A new article out in Marie Claire, Inside the Growing Movement of Women Who Wish They Never Had Kids, has ignited some heated discussions on social media. The author Sarah Treleaven reports on a supposedly new – or perhaps just now more outspoken – group of women who, even as their children have grown, say they regret choosing to be parents.
Marie Claire writes:
It's a huge taboo, admitting this kind of thing, but there's a growing and largely ignored group of mothers all over the world who are confessing their regret over having children. Day after day, as they change diapers, drive to soccer practice, and help with college applications, they fantasize about a life unburdened by dependents and free from the needs of others. A do-over.
Certainly parenthood isn’t for everyone – and not all of us are cut out to be mothers and fathers. And it’s fine, important even, to recognize this. There will always be cultural norms and preferences, but everyone still must make marriage and family decisions that make sense and work for them.
Most of the women interviewed and referenced in the article reveal feeling “trapped” and worry about their lost professional opportunities. And most of the women commenting about the article – who sympathized with this group – focused on the (very real) challenges of balancing work and family. Many said if men would step up and do more of the housework this wouldn’t be an issue.
But changing gender norms and the increase of women working outside of the home isn’t really the issue. As a working mother with three children, I can recognize it’s certainly something. As I’ve written many times, the juggle can cause even the most organized among us, on a perfectly sunny day, to fall into a crying puddle. (And I can say this with experience.) But this shrouds the larger point – that parenthood forces one to become utterly selfless. And that’s truly the source of the problem for many of the women in the article.
Nothing sheds the cloak of narcissism that we all wear more than having to care for another human being. For most of us this comes with parenthood – although it certainly could come later in life when one is in a position to care for an aging relative. Parenthood, by definition, creates limitations – less money, less time, less space, less travel, less time for personal pursuits. But parenthood – like marriage as Brookings Institution’s Justin Wolfers reminds us – is not only about the loss or costs. It seems self-evident, but it’s also (very much) about the gain, or the benefits. In fact, if it were all about the pain, the loss, the challenges, most of us wouldn’t choose to have children at all.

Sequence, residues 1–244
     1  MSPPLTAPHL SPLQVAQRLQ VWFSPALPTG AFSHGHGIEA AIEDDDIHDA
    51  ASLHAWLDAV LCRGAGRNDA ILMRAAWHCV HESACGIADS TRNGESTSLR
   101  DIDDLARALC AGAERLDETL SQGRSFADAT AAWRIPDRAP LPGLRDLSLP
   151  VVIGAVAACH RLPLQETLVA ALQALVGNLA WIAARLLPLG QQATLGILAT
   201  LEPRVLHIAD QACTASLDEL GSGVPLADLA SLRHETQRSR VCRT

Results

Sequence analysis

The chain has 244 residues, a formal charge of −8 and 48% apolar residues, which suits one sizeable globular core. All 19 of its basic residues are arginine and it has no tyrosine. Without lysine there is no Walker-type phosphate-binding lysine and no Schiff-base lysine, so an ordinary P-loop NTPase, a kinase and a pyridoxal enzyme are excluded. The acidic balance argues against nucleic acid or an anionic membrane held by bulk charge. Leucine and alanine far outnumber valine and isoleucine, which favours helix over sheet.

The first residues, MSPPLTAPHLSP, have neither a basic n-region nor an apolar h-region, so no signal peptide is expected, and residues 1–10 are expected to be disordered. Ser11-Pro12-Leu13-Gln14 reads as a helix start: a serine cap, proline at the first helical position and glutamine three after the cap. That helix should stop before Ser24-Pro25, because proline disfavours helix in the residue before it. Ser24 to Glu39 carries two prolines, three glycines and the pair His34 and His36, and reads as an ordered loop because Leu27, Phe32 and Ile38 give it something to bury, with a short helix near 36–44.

That’s exactly what actress and comedian Julia Sweeney said recently on a Ted Radio Hour where she spoke about motherhood:
I think if I really understood what parenting was going to take, I wouldn’t have done it. And I’m really glad I did it. It changed me completely. It changed my attitude about the world. It made me see everything in the world totally differently. And I needed to be a parent to see it. But if I knew what the price really was – which is basically a hundred percent of your mind and a hundred percent of your heart and soul – I don’t think I would have done it. So thank you, universe, that I just had no idea.
I remember when I was in labor with my third child, saying to my doctor, “Ah, I don’t remember that pain!” And she laughed and reminded me that’s why I was back for the third time. If any of us really remembered the reality of childbirth (even with the best of drugs!), humans would have died out long ago.
It’s likely that most of the women interviewed by Marie Claire would have been unhappy no matter what their life choices. Parenthood brings with it inherent difficulties — something I have to remind myself of all the time. But there is a deep, deep joy in creating, caring for, and watching a new life grow and develop, despite the challenges (both for the parents and the children as they get older). Perhaps the most important part of parenthood – and what would help the women in the article – is accepting and enjoying those tradeoffs.